Defending Thaksin is a 'once-in-a-lifetime' job
Once a low-profile junior politician, Noppadon Pattama found instant fame when he became a legal adviser to deposed prime minister Thaksin Shinawatra and his family, something the 45-year-old says he did not fully expect.
He told The Nation he took the job because he wanted to repay a debt of gratitude to Thaksin, who had appointed him as an assistant minister shortly after he switched from the Democrat Party to Thai Rak Thai in May. Noppadon served in the post for three months, until the September 19 military coup.
"He's been kind to me and now he needs my services," Noppadon explained, adding that it was Thaksin's legal team who approached him.
Noppadon said he believed he was selected for the job because of his political savvy, loyalty and tendency to keep secrets, as well as his legal expertise.
He described the job as an honour and a "once-in-a-lifetime experience".
"It's not fame or fortune that led me to accept the job," he said.
He said the fees his firm charges Thaksin would be higher than the normal hourly rate of Bt4,000 to Bt12,000, but he declined to provide an exact amount.
"In fact, we haven't discussed this matter in detail, but I believe the former prime minister will pay an appropriate fee," he said during a casual interview at his office on Ratchadaphisek Road.
Noppadon described the new-found attention he received from the media as well as people on the street as "unwanted fame".
He is strictly a legal adviser for Thaksin, not his lawyer, and as a result he will not represent Thaksin in the courtroom, he said.
In addition to providing legal advice, he has also held press conferences on Thaksin's behalf "to provide explanations and facts".
These press conferences, at the luxurious Grand Hyatt Erawan Hotel, have focused on the deposed premier's activities in countries around Thailand and speculation about his possible return.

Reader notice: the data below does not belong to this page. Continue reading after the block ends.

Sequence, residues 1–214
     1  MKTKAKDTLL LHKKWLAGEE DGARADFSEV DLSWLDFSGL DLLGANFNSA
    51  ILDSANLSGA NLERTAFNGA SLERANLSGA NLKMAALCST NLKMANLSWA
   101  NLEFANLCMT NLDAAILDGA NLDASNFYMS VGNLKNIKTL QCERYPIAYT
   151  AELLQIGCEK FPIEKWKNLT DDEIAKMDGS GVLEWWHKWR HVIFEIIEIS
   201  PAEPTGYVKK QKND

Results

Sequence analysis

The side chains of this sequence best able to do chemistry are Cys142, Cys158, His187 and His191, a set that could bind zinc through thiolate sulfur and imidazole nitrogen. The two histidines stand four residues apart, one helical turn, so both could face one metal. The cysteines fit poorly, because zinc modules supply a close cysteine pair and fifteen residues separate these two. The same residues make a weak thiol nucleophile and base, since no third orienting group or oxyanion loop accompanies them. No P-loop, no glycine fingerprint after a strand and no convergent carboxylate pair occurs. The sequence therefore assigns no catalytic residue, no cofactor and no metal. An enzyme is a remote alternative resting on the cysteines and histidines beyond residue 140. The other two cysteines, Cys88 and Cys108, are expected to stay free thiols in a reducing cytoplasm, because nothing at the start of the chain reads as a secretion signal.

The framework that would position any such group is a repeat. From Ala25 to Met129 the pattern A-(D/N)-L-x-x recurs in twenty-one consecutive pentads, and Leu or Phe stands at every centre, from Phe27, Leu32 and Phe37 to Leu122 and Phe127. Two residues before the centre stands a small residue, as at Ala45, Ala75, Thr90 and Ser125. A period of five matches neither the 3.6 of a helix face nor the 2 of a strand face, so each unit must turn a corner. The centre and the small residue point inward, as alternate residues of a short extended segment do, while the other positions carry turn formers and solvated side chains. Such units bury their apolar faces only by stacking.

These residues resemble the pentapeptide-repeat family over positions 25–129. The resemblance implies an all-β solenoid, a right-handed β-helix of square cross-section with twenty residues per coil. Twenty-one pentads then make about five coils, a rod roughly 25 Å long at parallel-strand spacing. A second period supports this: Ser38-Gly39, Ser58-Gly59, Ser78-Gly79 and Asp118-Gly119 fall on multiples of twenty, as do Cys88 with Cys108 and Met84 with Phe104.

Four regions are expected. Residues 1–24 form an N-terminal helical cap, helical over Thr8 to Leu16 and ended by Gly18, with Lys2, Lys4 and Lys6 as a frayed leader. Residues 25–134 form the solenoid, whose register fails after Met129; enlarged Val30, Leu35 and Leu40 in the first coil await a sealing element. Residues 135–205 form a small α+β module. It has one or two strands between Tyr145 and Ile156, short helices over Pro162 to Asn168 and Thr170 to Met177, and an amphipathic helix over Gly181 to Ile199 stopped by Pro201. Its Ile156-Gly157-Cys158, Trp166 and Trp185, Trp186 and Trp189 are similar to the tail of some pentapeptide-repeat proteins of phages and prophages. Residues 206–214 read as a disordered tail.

The hotel was chosen because there is a close connection between its major shareholders and Thai Rak Thai's acting deputy leader Pongthep Thepkanchana, Noppadon said.
He has been in touch with Thaksin by telephone but the calls were made "only when necessary", he said.
Thaksin's legal team is prepared for a long, tough battle.
"We will walk to the end of the road," Noppadon said, referring to the Supreme Court.
He said the legal team continued to gather evidence to defend Thaksin and expressed hope that the state agencies investigating allegations against the ousted premier had not arrived at a "forgone conclusion".
Noppadon's academic background is outstanding. He won the prestigious Ananta Mahidol scholarship after graduating at the top of his class from Thammasat University's Faculty of Law in 1982.
He also won a Fulbright scholarship in the same year to study in any US university. However, he gave up that scholarship to study law in the United Kingdom where he completed three law degrees from Oxford and London universities, one with honours.
He studied for six years in the UK, married a fellow Thai student there and became a father. His daughter now studies law at Chulalongkorn University.
Noppadon is divorced and describes himself as "single again".
It was also in the UK that Noppadon met Chuan Leekpai, then the leader of the Democrat Party, for the first time. He joined the party after returning to Thailand in 1991, shortly after the government of Chatichai Choonhavan was overthrown in a military coup in February that year.
Noppadon served as secretary to Chuan when the veteran politician was the opposition leader. Later, he became secretary to then-foreign minister Surin Pitsuwan, also a Democrat.
He left the party to join Thai Rak Thai at the invitation of an old friend, Yongyuth Tiyapairat, who is also a "Democrat alumnus".
Noppadon said he left the party for ideological reasons. "The Democrat Party has a lot of capable persons - capable of speaking," he quipped.
He was quick to add, however, that he still had high respect for Chuan.
Noppadon said he joined Thai Rak Thai when it was on a "downward trend", which indicated that he had no ulterior motive for switching allegiance.
His ties with the Democrats gave him no advantage in working as Thaksin's legal adviser, he said. "They [Democrats] won't hesitate to criticise me. I don't think Thaksin chose me because I used to be a Democrat."